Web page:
PC.06.01.01: Postpartum Hemorrhage
PC.06.03.01: Hypertensive Disorders* 


Conduct drills at least annually to determine system issues as part of ongoing quality improvement efforts. Drills include representation from each discipline identified in the organization's hemorrhage response procedure and include a team debrief after the drill.

Note: This requirement is identical for PC.06.01.01: Postpartum Hemorrhage and PC.06.03.01: Hypertensive Disorders 


Multidisciplinary drills give an organization the opportunity to practice skills and identify system issues in a controlled environment. It is crucial to involve members from as many disciplines identified in the organization's response procedure as possible. This is crucial for identifying weaknesses in the response system. A multidisciplinary approach will afford you the ability to test each level of an emergency and identify areas for improvement. Organizations should assess their level of proficiency to determine how often drills should be performed; organizations that have reached a high level of mastery may need less frequent drills. 
Note: This requirement is identical for PC.06.01.01: Postpartum Hemorrhage PC.06.03.01: Hypertensive Disorders 

Key Takeaways

Drills at least annually, preferably in situ


  • To determine system issues as part of a quality improvement effort
  • To practice skills
  • To test levels of emergency preparedness
  • To identify areas for continuous improvement
  • Hemorrhage Team members need to be present*

Drill must include team debrief

Frequency is determined by hospitals' assessment of proficiency16

*Drills for Hypertensive Disorders do not require that the Hemorrhage team be present. 

One of the greater challenges that an organization faces in the context of any training is maintaining a historical record. How does someone demonstrate that training during one period reflects the same standards as training from another period? Perhaps you have dealt with this. Personnel change, performance records may not be available – there can be any number of reasons for variation from time to time or place to place. A computer-driven, simulator-based experience eliminates many of those concerns.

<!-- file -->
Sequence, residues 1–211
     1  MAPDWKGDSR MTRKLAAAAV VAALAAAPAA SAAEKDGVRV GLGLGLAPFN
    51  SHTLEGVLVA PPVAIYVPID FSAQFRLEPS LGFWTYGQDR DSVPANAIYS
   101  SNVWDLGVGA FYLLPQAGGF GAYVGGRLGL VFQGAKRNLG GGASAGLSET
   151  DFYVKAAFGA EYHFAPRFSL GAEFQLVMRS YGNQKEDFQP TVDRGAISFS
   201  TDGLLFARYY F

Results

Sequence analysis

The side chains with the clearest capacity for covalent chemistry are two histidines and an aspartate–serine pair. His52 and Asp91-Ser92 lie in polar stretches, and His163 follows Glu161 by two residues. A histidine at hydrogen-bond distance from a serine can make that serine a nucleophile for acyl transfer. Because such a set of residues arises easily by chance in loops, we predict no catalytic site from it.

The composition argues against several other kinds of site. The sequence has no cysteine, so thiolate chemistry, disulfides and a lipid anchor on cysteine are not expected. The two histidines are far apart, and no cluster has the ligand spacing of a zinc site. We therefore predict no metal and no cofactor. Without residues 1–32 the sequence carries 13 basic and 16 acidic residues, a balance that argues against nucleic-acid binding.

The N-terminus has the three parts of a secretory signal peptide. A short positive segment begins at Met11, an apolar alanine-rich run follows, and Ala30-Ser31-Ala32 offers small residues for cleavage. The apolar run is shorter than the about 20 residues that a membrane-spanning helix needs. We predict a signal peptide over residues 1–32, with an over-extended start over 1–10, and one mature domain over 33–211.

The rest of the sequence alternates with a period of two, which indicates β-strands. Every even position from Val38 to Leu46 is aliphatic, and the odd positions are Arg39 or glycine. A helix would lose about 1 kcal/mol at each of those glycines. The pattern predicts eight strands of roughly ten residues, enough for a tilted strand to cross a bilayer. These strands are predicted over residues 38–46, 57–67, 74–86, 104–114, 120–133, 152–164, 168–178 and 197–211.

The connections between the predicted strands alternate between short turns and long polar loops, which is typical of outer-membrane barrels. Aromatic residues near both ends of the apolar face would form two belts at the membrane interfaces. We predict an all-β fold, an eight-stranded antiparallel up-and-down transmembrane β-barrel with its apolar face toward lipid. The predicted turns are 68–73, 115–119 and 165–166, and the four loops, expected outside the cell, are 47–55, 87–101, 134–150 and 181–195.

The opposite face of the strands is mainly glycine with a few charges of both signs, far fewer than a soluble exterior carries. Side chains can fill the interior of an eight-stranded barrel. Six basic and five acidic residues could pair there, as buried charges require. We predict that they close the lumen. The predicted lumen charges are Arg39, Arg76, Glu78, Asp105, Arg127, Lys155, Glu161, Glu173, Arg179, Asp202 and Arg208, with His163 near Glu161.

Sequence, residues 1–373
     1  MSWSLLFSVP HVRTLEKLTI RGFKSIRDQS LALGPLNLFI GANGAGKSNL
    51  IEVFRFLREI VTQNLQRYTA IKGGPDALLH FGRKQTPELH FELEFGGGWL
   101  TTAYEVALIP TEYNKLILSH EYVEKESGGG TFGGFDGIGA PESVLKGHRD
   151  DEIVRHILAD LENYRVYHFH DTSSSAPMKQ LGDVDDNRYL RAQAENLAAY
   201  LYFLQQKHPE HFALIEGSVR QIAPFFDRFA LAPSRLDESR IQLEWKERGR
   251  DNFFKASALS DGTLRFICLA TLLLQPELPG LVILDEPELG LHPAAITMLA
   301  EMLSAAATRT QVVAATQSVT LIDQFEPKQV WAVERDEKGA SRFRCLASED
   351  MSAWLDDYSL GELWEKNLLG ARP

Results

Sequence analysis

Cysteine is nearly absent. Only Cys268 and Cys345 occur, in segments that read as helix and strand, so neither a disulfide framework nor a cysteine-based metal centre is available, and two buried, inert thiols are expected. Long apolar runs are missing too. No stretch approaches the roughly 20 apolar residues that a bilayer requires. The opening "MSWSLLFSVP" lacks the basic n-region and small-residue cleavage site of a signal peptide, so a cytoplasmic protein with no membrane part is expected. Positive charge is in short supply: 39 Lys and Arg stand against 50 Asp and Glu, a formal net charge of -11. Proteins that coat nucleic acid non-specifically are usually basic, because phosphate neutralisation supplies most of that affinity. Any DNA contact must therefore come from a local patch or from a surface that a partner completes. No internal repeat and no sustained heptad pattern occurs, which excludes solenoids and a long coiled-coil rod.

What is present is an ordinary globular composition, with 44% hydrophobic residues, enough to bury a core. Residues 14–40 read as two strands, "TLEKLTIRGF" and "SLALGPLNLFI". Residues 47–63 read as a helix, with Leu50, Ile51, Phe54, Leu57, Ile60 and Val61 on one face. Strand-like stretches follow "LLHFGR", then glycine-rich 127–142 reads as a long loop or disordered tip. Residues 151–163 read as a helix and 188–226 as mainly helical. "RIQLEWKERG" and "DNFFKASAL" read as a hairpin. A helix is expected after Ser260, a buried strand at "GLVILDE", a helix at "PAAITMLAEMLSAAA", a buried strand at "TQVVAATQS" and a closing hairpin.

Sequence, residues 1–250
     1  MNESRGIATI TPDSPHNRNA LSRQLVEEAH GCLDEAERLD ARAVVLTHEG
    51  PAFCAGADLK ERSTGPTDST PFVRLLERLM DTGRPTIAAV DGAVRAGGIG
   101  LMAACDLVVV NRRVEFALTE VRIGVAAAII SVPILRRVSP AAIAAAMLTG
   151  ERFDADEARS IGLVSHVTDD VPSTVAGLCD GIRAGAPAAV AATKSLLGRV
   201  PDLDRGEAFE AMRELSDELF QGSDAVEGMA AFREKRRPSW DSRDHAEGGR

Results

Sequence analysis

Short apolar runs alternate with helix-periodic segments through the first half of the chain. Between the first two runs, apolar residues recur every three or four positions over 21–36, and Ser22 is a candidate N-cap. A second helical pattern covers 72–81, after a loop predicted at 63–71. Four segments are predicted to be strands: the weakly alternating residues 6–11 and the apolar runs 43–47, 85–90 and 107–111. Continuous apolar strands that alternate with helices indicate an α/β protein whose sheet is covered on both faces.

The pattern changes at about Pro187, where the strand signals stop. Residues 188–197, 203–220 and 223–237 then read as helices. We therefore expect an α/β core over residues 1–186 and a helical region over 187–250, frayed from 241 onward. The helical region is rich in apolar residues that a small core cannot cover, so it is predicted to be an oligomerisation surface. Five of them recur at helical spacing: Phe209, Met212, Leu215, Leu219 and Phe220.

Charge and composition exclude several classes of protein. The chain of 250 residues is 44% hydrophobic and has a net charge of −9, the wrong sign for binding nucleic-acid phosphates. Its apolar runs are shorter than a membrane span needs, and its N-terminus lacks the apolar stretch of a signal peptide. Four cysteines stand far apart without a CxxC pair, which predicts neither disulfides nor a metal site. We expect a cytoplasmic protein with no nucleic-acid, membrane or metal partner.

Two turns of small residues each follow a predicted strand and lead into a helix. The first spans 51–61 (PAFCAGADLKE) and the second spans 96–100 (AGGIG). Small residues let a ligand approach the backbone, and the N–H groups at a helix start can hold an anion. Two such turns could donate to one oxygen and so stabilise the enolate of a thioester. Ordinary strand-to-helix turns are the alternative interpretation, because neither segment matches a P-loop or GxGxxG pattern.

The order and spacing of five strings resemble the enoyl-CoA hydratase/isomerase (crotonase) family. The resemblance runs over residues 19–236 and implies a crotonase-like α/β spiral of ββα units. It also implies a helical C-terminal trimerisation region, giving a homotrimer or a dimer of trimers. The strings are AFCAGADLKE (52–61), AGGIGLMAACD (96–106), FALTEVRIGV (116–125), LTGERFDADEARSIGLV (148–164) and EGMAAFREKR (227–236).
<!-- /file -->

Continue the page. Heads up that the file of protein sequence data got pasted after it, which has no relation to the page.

Some steps to incorporate simulation into your efforts

If you’re still struggling to meet TJC’s requirements, or you need to accelerate your efforts, here are some general tips to help.

Identify your goal and desired outcome 
Create a statement of what you want to physically accomplish and by when. It can be as simple as "I must train X number of labor and delivery teams annually between Y and Z date."

Your desired outcome should be what you want participants to carry back to their roles and what you want the results of their performance to be.

Create an interdisciplinary team
Based on TJC standards, you should consider involving OB/GYN doctors and nurses from your Labor and Delivery Department, but also members from your anesthesia department, pharmacy, blood bank, and emergency response/code team. Using simulation for your drills will give them all a focal point to rally around.

Involve stakeholders
Simulation can be new to people, especially those in administration. Get them involved. Let them see a simulation and how teams respond during and after the experience. If you have to prove Return on Investment with stakeholders, you may want to consider reading our article, 7 Steps to Navigating the ROI Discussion: Making the Case for Medical Simulation
Identify the protocols that are in place and that you must test
TJC’s drill requirements are that you not only enable staff to practice skills but that you also use the drills to determine system issues, test levels of emergency preparedness, and identify areas for continuous improvement - all with the right people present.  Use the protocols - and hopefully the environment - that you have in place. Discuss whether you accomplished the goals outlined within those protocols during your debrief.